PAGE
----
By Daniel Scharpenburg
This is a regular column where I answer questions that are sent to me. As a spiritual teacher, I am often asked many questions and I’d love to have an opportunity to answer them all.
So, if there is anything you wanted to know about Buddhism, send me some questions. You can email me here: email@example.com
Q. I’ve been practicing in the Shambhala lineage and I’ve heard a lot about Zen. I’ve always wondered what the difference are between Zen Buddhism and Tibetan Buddhism. Can you explain?
A. People ask me this a lot.
Zen is my favorite Buddhist tradition and I think everyone knows that. But, I am part of a non-sectarian Tibetan Buddhist community, and I love this community very much. I volunteer there and I teach classes there.
But sometimes people—especially people who follow my writing—ask me questions about Zen.
An entire book could be written on the subject, I’m sure. But I will answer as briefly as I can so that it’s not so long that no one reads it.
Here in the West Zen and Tibetan style are the two most well known branches of Buddhism.
Tibetan Buddhism is really well known. This is largely due to the popularity of the Dalai Lama and the efforts of Chogyam Trungpa, and there are other factors as well. But worldwide, Tibetan Buddhism is actually not all that common. It’s usually considered the smallest branch of Buddhism, even with all of it’s different lineages. It only seems big here. There are branches of Buddhism like Pure Land that are really common in Asia, but have barely taken root here.
Zen, on the other hand, is common here and worldwide as well. It’s been here in the West longer (since the late 1800s at least) and it’s taken root in a lot of places.
So, here we go.
Zen really emerged as a distinct sect when Buddhism entered China and Buddhist ideas merged with some of the Taoist philosophy that was already there. Tibetan Buddhism emerged when Buddhism entered Tibet and Buddhist ideas merged with the religion that was already present—a shamanic religion called Bon—that included a lot of things like nature spirits and ancestor worship.
Because that’s what Buddhism does. It mingles with whatever cultures are there already. Buddhism adapts to local conditions in a way that other religions don’t always. It’s a very versatile spiritual path. Zen Buddhism and Tibetan Buddhism both have several different lineages that emphasize different things, so I can only really write about this in broad strokes right now, although I may go deeper in a later article.
The really short answer is this: Zen Buddhism is minimalist and Tibetan Buddhism is much more elaborate.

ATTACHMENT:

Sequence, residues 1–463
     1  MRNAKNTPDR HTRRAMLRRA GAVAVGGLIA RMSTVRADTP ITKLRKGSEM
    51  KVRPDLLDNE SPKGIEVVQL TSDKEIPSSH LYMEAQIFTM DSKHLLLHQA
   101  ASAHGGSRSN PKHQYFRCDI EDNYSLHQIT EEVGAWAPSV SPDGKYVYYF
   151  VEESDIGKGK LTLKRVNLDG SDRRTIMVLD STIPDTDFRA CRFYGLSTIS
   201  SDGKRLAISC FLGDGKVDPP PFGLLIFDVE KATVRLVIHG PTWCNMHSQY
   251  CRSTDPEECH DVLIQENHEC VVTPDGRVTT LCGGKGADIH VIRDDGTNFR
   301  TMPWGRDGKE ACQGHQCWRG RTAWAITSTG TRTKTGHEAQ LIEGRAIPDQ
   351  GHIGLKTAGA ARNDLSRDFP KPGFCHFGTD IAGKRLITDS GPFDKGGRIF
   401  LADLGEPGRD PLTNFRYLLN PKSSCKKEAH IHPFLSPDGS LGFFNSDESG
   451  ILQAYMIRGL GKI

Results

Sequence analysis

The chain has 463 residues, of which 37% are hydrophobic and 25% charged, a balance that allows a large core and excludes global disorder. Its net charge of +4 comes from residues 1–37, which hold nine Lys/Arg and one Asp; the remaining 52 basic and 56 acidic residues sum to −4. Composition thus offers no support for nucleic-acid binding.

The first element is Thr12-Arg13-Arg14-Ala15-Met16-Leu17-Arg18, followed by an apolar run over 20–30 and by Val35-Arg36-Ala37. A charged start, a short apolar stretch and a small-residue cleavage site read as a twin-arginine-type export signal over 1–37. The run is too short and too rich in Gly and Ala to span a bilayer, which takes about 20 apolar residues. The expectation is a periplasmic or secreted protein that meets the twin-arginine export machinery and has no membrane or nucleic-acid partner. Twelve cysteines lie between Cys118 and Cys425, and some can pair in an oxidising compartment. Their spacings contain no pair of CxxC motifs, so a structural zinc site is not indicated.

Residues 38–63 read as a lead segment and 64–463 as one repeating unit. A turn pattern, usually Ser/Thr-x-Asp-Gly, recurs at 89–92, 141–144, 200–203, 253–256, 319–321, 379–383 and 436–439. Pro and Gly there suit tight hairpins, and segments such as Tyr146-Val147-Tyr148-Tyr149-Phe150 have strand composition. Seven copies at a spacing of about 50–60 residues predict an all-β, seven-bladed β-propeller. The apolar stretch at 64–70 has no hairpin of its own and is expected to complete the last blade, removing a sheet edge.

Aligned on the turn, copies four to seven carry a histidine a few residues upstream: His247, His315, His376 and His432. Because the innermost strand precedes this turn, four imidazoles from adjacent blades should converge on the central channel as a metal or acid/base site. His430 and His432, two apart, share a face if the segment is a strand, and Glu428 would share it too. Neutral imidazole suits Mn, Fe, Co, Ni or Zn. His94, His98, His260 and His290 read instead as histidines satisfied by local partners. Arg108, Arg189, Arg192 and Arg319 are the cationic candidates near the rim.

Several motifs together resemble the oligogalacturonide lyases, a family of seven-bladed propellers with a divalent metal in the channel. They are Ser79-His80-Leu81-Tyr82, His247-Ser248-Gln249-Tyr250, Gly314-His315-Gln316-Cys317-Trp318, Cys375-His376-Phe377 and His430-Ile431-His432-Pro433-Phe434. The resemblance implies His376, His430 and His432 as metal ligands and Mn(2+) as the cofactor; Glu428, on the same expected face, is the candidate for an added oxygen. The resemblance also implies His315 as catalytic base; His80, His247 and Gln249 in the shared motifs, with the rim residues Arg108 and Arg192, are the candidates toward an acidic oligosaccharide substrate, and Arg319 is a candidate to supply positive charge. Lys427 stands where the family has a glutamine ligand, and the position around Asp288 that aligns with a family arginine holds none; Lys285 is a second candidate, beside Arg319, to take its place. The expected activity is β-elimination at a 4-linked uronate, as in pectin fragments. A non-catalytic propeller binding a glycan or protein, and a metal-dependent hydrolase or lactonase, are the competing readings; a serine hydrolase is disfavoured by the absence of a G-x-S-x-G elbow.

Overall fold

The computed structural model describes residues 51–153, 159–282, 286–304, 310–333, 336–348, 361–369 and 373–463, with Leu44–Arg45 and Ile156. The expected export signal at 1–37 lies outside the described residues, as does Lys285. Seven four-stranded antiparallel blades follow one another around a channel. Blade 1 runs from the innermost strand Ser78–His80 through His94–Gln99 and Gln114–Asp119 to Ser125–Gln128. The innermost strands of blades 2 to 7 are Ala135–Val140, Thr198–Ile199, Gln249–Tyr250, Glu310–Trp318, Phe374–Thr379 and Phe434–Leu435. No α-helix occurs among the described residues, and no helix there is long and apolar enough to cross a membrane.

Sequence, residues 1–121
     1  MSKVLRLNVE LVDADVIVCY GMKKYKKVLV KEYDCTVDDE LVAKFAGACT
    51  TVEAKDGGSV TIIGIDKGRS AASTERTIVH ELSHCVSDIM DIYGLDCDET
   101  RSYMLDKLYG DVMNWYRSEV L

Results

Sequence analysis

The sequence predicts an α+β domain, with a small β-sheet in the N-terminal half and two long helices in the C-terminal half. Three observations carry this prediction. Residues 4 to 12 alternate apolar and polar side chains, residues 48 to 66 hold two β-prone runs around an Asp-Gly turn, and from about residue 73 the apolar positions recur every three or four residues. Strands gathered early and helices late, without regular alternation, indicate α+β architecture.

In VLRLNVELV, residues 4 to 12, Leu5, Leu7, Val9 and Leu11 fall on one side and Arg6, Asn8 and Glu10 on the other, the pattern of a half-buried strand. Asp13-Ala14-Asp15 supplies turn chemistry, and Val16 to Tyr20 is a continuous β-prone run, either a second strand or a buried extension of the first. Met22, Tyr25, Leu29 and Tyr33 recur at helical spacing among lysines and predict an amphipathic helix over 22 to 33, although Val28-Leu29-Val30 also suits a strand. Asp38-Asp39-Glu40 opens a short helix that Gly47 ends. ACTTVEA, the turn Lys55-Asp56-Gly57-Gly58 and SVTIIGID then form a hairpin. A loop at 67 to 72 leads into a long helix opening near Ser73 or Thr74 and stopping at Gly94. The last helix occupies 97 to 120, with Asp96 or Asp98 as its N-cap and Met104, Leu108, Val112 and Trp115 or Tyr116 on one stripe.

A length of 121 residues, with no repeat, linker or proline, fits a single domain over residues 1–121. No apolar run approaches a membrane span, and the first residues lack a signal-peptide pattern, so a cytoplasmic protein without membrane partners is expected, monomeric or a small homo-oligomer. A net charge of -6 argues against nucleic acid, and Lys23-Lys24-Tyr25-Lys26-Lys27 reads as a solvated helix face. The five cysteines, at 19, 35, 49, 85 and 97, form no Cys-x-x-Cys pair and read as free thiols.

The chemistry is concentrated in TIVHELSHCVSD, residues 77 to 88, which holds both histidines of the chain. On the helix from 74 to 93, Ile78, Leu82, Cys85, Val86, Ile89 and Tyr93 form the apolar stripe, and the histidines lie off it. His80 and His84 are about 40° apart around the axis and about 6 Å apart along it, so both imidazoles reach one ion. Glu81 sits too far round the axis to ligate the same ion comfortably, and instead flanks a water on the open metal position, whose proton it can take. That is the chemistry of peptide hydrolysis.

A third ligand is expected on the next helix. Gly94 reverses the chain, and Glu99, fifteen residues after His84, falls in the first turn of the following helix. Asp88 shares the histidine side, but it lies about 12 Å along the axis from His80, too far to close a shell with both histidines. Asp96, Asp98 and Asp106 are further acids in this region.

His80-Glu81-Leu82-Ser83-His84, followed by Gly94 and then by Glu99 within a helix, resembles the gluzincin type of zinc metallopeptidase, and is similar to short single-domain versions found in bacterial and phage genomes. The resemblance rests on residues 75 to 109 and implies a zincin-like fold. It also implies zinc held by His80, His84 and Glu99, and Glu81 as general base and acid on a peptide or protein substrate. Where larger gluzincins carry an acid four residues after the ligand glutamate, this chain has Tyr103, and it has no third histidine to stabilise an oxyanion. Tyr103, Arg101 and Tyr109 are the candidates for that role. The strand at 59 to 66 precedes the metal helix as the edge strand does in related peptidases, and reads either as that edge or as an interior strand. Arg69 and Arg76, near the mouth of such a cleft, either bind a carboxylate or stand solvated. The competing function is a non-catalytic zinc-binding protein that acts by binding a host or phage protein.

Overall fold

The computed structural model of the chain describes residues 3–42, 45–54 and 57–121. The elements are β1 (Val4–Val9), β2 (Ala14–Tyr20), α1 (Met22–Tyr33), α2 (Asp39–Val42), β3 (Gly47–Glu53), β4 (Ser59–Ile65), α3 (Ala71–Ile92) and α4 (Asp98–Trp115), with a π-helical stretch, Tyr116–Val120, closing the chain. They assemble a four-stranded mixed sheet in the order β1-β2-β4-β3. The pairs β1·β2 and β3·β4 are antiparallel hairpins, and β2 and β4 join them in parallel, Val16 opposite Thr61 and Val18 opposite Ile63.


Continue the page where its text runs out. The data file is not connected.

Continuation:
Zen meditation is mainly about following the breath as well as emptying the mind. It also includes a few deeper things like meditative inquiry and riddles. Tibetan meditation often includes things like mantras and visualizations and concentrating on really complex thoughts.
Tibetan Buddhism is more what we would think of as religious. There are a number of divine beings and Bodhisattvas that are talked about, visualized, and even prayed to. There are also very complex rituals and prayers. Zen Buddhism has rituals too. Practitioners are expected to bow a certain way and enter the temple a certain way, but things are just a less complicated.
And how are they similar?
They both talk about lineage. Who your teacher was matters a great deal. They both emphasize Buddha nature—the teaching that we are Enlightened already—we just have to realize it.
I don’t think one is better than the other. They are both authentic forms of Buddhism. If you like elaborate ritual, then Tibetan style is probably right for you. If you don’t, then Zen might be a better choice.
Editor: Dana Gornall
He was trained and certified as a meditation teacher at the Rime Buddhist Center, where he also spent four years teaching kids about Buddhism and meditation practice. He received additional training in the Zen tradition, both as a Monk in the Korean Zen tradition and as a lay teacher in the Caodong Chan tradition.
He has taken Bodhisattva Vows and the precepts of a lay zen teacher.
His work is dedicated to both sharing his own story and presenting a variety of Buddhist teachings in a way that shows how they are applicable to real life.
Find out more about Daniel on his blog and connect with him on Facebook, Youtube,andTwitter
Latest posts by Daniel Scharpenburg (see all)
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